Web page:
US4977397A - Touch-control computer house - Google Patents

Touch-control computer house Download PDF

Info

Publication number
US4977397A
US4977397A US07427681 US42768189A US4977397A US 4977397 A US4977397 A US 4977397A US 07427681 US07427681 US 07427681 US 42768189 A US42768189 A US 42768189A US 4977397 A US4977397 A US 4977397A
Authority
US
Grant status
Grant
Patent type
Prior art keywords
touch
axis
control
computer mouse
signal processing
Prior art date
Legal status (The legal status is an assumption and is not a legal conclusion. Google has not performed a legal analysis and makes no representation as to the accuracy of the status listed.)
Expired - Fee Related
Application number
US07427681
Inventor
Wen-Chieh Kuo
Chia-Hui Lin
Te-Chang Chou
Yuan-Hsiung Liang
Current Assignee (The listed assignees may be inaccurate. Google has not performed a legal analysis and makes no representation or warranty as to the accuracy of the list.)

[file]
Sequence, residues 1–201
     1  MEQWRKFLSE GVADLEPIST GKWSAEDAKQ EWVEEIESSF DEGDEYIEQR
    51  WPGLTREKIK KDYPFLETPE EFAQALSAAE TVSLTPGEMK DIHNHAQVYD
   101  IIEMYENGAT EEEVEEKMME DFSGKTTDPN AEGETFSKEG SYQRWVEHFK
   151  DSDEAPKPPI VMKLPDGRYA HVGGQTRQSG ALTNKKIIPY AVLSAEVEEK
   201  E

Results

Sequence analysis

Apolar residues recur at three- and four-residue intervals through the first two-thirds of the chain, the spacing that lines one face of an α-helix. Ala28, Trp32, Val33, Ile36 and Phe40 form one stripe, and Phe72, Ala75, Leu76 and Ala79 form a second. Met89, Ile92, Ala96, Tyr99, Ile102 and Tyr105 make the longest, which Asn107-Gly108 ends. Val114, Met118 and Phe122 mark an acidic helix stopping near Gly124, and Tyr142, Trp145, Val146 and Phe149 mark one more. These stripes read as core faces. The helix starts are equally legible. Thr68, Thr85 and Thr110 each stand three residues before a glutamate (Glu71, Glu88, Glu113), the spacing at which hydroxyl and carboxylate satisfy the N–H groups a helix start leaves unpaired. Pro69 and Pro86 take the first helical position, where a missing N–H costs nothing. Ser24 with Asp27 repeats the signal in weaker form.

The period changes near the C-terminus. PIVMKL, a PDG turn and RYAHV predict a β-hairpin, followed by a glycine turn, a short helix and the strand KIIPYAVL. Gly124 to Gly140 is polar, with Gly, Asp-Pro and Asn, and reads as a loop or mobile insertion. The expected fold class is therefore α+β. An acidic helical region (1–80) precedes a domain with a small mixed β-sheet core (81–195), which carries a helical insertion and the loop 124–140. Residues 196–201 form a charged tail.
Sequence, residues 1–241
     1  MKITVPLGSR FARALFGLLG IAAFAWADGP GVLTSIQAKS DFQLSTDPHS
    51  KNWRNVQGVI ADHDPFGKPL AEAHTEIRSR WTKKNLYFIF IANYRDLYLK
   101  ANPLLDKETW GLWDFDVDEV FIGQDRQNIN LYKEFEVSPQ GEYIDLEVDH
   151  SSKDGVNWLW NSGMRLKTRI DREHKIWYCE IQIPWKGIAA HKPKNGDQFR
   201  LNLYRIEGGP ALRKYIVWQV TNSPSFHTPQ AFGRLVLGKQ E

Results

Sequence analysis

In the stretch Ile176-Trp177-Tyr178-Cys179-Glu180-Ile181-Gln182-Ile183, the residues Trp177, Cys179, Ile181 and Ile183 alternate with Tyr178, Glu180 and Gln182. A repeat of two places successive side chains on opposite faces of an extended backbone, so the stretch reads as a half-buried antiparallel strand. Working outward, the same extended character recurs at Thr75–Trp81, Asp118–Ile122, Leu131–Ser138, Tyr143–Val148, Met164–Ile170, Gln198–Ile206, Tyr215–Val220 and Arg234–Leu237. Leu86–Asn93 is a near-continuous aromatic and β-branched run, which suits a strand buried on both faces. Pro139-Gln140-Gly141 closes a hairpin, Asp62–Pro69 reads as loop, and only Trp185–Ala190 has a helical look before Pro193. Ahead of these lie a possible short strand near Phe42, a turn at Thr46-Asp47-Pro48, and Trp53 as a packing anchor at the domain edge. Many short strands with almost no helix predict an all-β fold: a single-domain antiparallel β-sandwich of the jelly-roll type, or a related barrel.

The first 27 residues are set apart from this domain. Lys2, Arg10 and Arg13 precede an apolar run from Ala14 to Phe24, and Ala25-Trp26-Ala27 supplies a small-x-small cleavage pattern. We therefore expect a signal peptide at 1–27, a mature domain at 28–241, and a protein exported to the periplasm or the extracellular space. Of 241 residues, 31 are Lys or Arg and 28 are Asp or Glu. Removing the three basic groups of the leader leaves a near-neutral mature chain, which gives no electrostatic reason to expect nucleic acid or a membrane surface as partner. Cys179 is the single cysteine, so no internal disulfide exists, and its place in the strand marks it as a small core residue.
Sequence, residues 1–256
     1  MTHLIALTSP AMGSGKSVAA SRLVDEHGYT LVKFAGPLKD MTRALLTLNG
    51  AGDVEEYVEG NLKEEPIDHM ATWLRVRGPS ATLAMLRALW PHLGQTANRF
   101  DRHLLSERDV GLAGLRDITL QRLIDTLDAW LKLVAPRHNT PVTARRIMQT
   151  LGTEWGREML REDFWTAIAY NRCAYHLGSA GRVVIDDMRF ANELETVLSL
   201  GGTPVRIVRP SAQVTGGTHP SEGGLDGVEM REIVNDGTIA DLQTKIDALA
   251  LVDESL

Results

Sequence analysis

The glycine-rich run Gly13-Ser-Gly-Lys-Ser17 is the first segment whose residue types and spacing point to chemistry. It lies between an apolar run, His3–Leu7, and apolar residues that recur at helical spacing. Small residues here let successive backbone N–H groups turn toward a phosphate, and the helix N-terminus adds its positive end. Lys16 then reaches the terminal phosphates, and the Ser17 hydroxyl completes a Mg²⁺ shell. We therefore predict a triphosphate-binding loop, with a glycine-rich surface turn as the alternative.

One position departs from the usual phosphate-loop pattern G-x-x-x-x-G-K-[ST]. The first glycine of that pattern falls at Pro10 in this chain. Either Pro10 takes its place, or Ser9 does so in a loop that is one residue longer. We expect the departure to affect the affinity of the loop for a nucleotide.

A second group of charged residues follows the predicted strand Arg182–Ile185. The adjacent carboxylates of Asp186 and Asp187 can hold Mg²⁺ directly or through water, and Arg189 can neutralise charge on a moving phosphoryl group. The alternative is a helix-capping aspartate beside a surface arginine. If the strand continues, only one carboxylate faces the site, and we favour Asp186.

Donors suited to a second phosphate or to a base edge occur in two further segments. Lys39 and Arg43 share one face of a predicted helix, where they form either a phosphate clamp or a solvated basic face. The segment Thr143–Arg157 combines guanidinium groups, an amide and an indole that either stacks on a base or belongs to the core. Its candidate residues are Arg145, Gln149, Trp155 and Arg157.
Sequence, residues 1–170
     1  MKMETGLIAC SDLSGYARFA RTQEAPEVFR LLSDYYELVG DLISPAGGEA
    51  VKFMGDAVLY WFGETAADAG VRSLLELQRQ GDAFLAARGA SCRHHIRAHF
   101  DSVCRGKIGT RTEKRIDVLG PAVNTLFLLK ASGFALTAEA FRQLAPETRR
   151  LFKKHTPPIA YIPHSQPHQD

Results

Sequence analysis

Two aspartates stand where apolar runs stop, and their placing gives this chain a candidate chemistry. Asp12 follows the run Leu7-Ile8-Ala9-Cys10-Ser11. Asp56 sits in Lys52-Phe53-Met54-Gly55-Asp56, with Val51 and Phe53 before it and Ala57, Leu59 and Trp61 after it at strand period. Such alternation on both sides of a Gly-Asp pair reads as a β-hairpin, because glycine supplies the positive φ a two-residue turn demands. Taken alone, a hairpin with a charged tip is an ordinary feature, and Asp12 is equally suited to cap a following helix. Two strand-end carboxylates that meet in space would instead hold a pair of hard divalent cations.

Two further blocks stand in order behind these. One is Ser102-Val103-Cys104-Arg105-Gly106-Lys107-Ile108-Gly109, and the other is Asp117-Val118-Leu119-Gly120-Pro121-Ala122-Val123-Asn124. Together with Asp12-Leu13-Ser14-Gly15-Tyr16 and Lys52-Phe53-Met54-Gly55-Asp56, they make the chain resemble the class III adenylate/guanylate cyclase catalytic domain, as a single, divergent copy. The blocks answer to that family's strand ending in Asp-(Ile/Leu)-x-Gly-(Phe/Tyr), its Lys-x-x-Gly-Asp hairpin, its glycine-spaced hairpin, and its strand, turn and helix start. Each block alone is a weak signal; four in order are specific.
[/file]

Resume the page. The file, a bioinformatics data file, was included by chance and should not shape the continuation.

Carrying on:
Sysgration Ltd
Original Assignee
Sysgration Ltd
Priority date (The priority date is an assumption and is not a legal conclusion. Google has not performed a legal analysis and makes no representation as to the accuracy of the date listed.)
Filing date
Publication date
Grant date

Links

Images

Classifications

    • GPHYSICS
    • G06COMPUTING; CALCULATING; COUNTING
    • G06FELECTRIC DIGITAL DATA PROCESSING
    • G06F3/00Input arrangements for transferring data to be processed into a form capable of being handled by the computer; Output arrangements for transferring data from processing unit to output unit, e.g. interface arrangements
    • G06F3/01Input arrangements or combined input and output arrangements for interaction between user and computer